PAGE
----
Although Mugabe and his legal advisors have warned Mutasa against taking the court route, Mutasa is undeterred and insists that the party should repudiate its December congress and return to a more democratic dispensation.

Well-placed sources told the Daily News yesterday that while some of the hawks were agitating for Mutasa’s summary dismissal from the party — as had happened with former war veterans’ leader Jabulani Sibanda and former spokesperson Rugare Gumbo — others were not sure that this would serve the warring party’s interests.

Grace demonstrated the immense power she now wields in Zanu PF when Cabinet ministers, service chiefs and Zanu PF bigwigs scrambled to Harare International Airport to welcome her back to the country on Sunday after she had been away in the Far East for more than two months.

Most observers were agreed that the fact that senior government and Zanu PF officials had felt compelled to converge at the airport to welcome her back to Zimbabwe in the manner that they did spoke volumes about how much political power she now wielded in the country.

President Robert Mugabe himself admitted during the ruling party’s damp squib “elective” congress that was held in Harare late last year that Grace now often directed him what to do.

There was much pomp and ceremony as Grace arrived at the airport, with one senior Zanu PF official who spoke to the Daily News describing her welcome as “fitting for a Queen”.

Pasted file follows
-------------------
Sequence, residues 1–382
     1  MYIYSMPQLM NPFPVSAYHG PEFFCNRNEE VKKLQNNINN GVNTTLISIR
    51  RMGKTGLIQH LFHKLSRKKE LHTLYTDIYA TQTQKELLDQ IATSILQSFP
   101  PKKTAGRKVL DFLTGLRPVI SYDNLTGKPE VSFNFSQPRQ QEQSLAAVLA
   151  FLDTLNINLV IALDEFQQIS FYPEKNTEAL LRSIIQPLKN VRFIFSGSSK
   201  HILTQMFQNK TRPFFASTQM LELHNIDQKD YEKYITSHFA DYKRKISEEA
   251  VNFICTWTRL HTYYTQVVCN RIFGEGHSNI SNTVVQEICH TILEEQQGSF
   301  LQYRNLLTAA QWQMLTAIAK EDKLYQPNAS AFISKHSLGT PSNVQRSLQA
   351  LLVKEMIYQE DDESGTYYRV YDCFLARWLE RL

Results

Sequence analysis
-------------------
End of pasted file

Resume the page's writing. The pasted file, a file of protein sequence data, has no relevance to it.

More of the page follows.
“She (Grace) is now probably the most powerful politician in Zimbabwe, which is why her welcome back to the country today almost rivalled the treatment that the president gets when he returns from his trips abroad.

“To not go and pay homage to Amai at the moment amounts to virtual political suicide and everyone knows this. Her welcome was fitting for a Queen,” the central committee member who requested anonymity said.

Among the bigwigs at the airport were Vice President Emmerson

Mnangagwa, Defence minister Sydney Sekeramayi, Foreign Affairs minister Simbarashe Mumbengegwi, politburo member Shuvai Mahofa and fast-rising Youth league boss Pupurai Togarepi.

Mugabe himself only came back from the family holiday late last month, claiming at the time that he had left his wife in the Far East recuperating, after she had undergone a medical operation. Mugabe reportedly sneaked out of the country a few days ago so that he would accompany his wife home.

Speaking at the welcome party, Togarepi wasted no time in reminding the gathered Zanu PF bigwigs that it was in fact “Comrade Stop It”, as Grace is now popularly known in party circles, who was in control.

He bluntly told them that the honeymoon was over for those who had taken advantage of her absence to misbehave and frustrate the ruling party’s youths.

“We are happy as the Youth League that mother (Grace) you are back. We were being persecuted when you were away. When a mother is not there, others take advantage and push you, but this is our time to report them to you” he said to loud applause.